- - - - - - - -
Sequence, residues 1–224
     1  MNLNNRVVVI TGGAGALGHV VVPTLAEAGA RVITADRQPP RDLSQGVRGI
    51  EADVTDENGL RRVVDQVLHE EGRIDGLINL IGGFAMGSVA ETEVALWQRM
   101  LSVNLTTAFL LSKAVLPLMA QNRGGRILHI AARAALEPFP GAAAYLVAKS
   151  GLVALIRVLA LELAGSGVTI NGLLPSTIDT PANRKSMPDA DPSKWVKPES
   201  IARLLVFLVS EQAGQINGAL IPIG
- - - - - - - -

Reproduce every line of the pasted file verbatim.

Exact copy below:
Sequence, residues 1–224
     1  MNLNNRVVVI TGGAGALGHV VVPTLAEAGA RVITADRQPP RDLSQGVRGI
    51  EADVTDENGL RRVVDQVLHE EGRIDGLINL IGGFAMGSVA ETEVALWQRM
   101  LSVNLTTAFL LSKAVLPLMA QNRGGRILHI AARAALEPFP GAAAYLVAKS
   151  GLVALIRVLA LELAGSGVTI NGLLPSTIDT PANRKSMPDA DPSKWVKPES
   201  IARLLVFLVS EQAGQINGAL IPIG